It is better for your business to be the first choice of some than the second choice of all. Identify what you are really good at, what you offer that other brands can’t, and shout about that. In an online world where it is so easy to be fake, or hide behind polished corporate spiel, going out there being unapologetically small and authentic makes your business a breath of fresh air. People connect with people. So don’t ever be afraid to let people know that there is a human team behind your business.

What to expect from a fulfilment partner – guest post from James & James e-commerce fulfilment.

e-commerce fulfilment

Whether or not to outsource your order fulfilment can be a difficult decision if you don’t have any knowledge of the services. So to help out, we’ve come up with a beginner’s guide of what to expect from an order fulfilment partner. Below is a basic, easy to understand introduction to each feature they’ll provide and just how your eCommerce business will benefit.

By the end of this article, hopefully you’ll feel confident in your knowledge and ready to decide whether or not outsourced order fulfilment is for you!

Order Fulfilment Services


eCommerce integration is the first step toward merging your business with your chosen 3PL (third party logistics) partner. An exceptional fulfilment service will offer software that will easily integrate with your chosen shopping cart (Shopify, Magento etc.). This enables online orders to move straight from your online store, to a warehouse. It provides seamless communication between your cart and the warehouse team, allowing your orders to be fulfilled in a timely manner.


As well as integrating with your online store, your eCommerce fulfillment partner will also start taking your stock into storage in their warehouse. Shelving, racking and pallet storage will ensure your stock is safely and securely stored. Products will be organised by SKU (stock keeping unit) and staggered to ensure similar looking stock does not get mixed up. 54% of warehouses expect to expand the number of SKUs over the next five years, allowing more storage for growing businesses.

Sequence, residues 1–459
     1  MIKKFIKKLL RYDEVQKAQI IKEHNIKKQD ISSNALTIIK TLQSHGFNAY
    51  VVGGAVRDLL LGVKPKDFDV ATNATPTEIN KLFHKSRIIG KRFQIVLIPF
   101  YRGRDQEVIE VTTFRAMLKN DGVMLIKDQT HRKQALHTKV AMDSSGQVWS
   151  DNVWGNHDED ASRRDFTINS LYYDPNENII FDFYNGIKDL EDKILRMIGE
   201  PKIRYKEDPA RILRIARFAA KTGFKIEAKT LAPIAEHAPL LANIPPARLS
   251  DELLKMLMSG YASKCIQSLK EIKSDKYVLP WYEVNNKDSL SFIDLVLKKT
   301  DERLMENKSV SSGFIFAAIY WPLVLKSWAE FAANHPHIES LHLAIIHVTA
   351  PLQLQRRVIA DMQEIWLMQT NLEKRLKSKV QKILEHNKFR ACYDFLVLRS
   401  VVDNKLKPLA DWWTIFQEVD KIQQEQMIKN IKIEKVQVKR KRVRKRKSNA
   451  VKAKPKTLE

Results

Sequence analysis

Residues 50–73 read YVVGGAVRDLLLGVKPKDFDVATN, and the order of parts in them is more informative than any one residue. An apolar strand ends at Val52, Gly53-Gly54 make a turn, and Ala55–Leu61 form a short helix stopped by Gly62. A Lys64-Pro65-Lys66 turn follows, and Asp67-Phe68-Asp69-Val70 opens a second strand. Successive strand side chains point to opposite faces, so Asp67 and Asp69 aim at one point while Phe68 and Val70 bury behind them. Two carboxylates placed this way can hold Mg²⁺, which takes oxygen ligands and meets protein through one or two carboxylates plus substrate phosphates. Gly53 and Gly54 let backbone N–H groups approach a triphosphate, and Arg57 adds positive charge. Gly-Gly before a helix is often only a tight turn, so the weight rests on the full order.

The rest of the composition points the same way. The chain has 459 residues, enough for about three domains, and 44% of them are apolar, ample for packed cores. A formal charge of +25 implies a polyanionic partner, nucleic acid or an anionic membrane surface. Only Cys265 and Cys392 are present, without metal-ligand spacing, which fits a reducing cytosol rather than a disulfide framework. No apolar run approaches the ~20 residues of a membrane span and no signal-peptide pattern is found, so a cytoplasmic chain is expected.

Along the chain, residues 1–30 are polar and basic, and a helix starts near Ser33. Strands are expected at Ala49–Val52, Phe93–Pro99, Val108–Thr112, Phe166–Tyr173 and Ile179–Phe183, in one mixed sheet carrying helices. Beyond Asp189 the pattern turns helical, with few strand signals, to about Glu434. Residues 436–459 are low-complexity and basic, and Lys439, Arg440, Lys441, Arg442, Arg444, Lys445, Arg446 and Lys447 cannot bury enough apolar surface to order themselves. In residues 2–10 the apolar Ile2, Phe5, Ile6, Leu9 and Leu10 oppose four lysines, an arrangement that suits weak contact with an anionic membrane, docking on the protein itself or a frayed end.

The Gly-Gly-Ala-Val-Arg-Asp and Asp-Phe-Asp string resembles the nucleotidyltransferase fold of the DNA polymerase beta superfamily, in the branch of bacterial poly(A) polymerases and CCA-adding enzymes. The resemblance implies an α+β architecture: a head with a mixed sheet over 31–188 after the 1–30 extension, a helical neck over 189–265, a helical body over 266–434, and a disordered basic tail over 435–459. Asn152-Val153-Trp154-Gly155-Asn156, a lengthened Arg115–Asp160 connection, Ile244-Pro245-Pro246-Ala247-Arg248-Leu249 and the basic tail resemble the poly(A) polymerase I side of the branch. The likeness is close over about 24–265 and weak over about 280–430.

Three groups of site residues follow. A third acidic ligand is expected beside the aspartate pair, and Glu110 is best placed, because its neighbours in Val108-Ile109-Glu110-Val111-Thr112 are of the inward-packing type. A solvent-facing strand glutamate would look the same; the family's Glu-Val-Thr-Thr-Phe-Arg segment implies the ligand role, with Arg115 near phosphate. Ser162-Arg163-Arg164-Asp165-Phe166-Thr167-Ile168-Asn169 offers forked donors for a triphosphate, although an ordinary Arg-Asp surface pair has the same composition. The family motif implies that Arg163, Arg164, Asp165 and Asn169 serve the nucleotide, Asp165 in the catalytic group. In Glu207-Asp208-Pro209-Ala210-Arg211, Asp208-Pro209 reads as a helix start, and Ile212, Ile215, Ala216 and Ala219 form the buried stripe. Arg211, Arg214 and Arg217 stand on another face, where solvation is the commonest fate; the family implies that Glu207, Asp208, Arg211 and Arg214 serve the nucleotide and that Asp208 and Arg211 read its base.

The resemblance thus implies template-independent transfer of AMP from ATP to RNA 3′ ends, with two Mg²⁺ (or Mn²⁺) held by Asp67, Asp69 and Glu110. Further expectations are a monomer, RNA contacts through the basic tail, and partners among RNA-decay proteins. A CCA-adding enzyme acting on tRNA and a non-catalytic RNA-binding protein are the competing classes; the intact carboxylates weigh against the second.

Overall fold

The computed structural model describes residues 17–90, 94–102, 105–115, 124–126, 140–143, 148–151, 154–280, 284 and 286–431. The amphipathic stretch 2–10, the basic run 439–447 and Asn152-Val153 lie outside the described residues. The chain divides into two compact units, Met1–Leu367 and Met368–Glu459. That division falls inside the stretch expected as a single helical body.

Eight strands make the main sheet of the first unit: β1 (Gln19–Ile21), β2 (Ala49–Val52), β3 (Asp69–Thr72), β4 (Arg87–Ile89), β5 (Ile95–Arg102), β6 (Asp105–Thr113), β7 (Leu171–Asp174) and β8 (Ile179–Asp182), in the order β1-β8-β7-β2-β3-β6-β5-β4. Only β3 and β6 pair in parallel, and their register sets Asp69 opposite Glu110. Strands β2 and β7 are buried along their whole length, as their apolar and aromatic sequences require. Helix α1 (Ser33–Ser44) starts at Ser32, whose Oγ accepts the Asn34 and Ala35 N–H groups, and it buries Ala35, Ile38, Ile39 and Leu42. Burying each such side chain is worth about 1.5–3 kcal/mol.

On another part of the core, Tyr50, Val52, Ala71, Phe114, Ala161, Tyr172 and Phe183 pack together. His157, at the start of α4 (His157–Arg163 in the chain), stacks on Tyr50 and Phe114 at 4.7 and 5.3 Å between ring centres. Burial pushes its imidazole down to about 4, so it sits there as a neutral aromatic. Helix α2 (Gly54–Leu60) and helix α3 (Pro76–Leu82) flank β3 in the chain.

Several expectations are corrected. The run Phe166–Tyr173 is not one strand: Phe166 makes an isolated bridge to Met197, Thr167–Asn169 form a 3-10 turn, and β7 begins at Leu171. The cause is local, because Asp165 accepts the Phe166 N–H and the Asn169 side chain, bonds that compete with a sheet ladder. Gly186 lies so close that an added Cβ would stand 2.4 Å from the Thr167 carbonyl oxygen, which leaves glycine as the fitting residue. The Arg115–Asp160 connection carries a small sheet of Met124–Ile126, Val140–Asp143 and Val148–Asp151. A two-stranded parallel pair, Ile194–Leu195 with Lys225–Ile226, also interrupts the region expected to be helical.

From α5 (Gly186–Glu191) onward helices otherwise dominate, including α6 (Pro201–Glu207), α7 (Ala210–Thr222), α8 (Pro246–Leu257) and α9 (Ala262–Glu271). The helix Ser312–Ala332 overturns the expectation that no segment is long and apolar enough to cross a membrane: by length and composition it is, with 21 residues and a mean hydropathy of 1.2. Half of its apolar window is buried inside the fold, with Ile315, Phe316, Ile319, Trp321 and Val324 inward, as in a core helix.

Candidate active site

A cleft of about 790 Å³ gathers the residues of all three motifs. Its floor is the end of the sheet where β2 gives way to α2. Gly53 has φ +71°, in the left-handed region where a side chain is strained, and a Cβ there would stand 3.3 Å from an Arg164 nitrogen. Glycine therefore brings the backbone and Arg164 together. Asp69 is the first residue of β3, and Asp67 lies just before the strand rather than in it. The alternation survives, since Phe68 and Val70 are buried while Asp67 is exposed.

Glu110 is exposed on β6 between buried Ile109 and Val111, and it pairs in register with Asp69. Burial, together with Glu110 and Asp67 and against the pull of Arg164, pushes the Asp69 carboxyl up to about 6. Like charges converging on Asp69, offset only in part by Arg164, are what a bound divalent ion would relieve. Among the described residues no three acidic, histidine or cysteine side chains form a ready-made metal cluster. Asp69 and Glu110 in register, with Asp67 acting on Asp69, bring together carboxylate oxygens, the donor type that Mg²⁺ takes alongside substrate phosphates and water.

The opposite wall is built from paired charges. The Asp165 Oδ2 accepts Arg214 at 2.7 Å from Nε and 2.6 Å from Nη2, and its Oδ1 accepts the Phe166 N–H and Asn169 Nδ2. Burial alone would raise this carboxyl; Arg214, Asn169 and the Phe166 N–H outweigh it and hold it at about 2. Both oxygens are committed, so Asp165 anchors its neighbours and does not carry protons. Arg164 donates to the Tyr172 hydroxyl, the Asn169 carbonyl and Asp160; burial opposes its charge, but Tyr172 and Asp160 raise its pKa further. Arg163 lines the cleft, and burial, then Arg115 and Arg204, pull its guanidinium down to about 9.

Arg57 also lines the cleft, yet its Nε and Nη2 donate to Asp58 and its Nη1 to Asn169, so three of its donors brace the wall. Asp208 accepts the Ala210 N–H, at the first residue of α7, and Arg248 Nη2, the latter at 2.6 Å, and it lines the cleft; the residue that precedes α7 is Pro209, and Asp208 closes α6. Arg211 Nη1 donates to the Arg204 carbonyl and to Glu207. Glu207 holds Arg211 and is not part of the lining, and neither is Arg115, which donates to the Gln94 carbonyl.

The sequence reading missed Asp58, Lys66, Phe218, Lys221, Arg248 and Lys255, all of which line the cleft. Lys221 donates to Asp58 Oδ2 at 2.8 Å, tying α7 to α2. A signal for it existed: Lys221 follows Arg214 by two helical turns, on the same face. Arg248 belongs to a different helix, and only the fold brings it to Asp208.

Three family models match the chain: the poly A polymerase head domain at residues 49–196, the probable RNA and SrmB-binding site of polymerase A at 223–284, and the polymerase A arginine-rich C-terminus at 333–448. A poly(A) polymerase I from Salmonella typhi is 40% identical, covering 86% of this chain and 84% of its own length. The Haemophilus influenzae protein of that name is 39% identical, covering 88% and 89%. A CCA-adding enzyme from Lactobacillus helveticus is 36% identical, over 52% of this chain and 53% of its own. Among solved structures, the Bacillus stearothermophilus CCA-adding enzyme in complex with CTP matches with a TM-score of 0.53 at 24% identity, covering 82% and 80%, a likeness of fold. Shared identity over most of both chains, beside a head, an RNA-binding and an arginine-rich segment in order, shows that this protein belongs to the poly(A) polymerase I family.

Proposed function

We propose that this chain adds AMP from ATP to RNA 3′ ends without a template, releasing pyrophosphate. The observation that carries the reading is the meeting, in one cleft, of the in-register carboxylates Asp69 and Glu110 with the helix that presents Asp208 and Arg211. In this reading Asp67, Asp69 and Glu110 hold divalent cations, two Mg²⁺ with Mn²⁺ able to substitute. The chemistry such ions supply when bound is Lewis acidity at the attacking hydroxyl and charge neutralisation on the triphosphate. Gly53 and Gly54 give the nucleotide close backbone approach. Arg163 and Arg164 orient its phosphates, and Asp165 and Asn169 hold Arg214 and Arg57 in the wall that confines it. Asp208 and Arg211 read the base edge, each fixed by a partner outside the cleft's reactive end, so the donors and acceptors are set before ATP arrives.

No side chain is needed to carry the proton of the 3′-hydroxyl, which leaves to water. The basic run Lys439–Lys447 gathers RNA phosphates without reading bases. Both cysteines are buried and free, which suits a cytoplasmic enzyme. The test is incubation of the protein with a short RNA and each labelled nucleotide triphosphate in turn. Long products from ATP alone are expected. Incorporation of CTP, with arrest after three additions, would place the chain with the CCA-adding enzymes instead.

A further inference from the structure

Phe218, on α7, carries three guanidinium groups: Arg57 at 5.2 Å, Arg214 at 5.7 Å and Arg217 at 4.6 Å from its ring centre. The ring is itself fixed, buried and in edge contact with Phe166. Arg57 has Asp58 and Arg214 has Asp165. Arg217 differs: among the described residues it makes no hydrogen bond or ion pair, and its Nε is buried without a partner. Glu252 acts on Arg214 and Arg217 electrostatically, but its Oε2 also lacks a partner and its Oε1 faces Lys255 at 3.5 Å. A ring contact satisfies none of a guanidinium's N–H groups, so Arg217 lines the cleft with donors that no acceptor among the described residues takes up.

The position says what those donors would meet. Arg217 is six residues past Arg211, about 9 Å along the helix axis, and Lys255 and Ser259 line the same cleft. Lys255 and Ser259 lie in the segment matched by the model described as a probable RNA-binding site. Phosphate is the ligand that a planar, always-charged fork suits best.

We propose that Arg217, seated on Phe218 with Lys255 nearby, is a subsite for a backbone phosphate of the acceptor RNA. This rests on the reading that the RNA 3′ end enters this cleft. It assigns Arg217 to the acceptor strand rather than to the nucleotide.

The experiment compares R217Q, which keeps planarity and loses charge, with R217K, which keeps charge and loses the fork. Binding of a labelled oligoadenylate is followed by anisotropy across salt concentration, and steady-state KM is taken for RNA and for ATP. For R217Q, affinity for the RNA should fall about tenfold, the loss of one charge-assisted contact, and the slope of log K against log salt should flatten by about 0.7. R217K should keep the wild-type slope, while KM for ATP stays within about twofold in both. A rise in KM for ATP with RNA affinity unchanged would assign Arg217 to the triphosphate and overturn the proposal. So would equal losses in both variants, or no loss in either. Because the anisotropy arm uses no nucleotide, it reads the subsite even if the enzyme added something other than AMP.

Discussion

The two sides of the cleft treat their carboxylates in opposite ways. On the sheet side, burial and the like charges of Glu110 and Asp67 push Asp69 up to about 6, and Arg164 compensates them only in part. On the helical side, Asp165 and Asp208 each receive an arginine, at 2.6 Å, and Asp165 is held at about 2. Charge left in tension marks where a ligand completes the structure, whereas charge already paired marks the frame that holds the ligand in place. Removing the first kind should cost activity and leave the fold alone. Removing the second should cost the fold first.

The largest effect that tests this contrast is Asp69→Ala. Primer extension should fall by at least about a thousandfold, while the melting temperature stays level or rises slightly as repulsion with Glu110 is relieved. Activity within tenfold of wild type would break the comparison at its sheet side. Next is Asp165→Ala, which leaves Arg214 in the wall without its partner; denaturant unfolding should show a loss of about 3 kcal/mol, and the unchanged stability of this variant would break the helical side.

The best fulfilment services will have control of multiple warehouses, often all over the world, allowing you access to many more customers. No longer will you have to store (and potentially trip over) your own products; this will free up your time and allow you to focus on your eCommerce business.


Now that you’re all set with your chosen partner, you will be able to benefit from their management systems. An IMS ( inventory management system) will be available to you, allowing you to accurately monitor and manage your stock wherever you are. The IMS will also help you to track stock movement, orders, forecasting and other data, such as most popular order.

The best warehouses use Cloud-based, real-time fulfilment software which gives you the power to access your inventory anytime, anywhere and retain up to the minute control of your orders.


Every element of your order fulfilment has been set up. Now your first orders are coming in, they will enter the pick and pack process. Pick and pack is the method of ‘picking’ an item from its place of storage, taking it to a ‘packing station’ and packaging it for shipping. Using a WMS (warehouse management system) staff will be set on the most effective pick route and be able to locate the correct products with ease.

By having a professional, dedicated, and enthusiastic team handling all your operations, you never need to worry about fulfiling orders again. With a 99.998% accuracy rate in the best warehouses, you can place your trust in your order fulfillment service.


Now that your item has been packed to your requirements, it will be labeled with the customer’s address and using previously set delivery options (which will be chosen by the customer, such as ‘economy’ or ‘urgent’). 72% of customers would spend more if they could be sure of same day delivery and you’ll be able to deliver. You’ll also be able to sell your products all over the world and not have to worry about the logistics of it.

The best fulfilment services will choose the cheapest courier option for your deliveries, but also will ensure that you have the fastest service available for the price.


92% of consumers will buy something again if returns are easy and any successful business needs to properly be able to handle returns. Your eCommerce fulfilment partner will expertly handle any returned goods. They will be taken and assessed for resale, but if they don’t pass inspection, they will communicate with you and decide what should be done. According to your decision, they will resell, destroy or return the products to you, allowing full control over the process and to ensure no stock loss, whilst sending out a replacement product by your wishes.


Your customers will make or break your business and how your fulfilment is handled will decide whether or not they are satisfied with their order. By outsourcing your order fulfilment, it will be handled by an expert team, who will do everything within their power to grant an exceptional customer experience. The orders, in excellent condition, will be sent out as fast as possible to ensure they end up at the correct address at the correct time. This will lead to grateful and satisfied customers.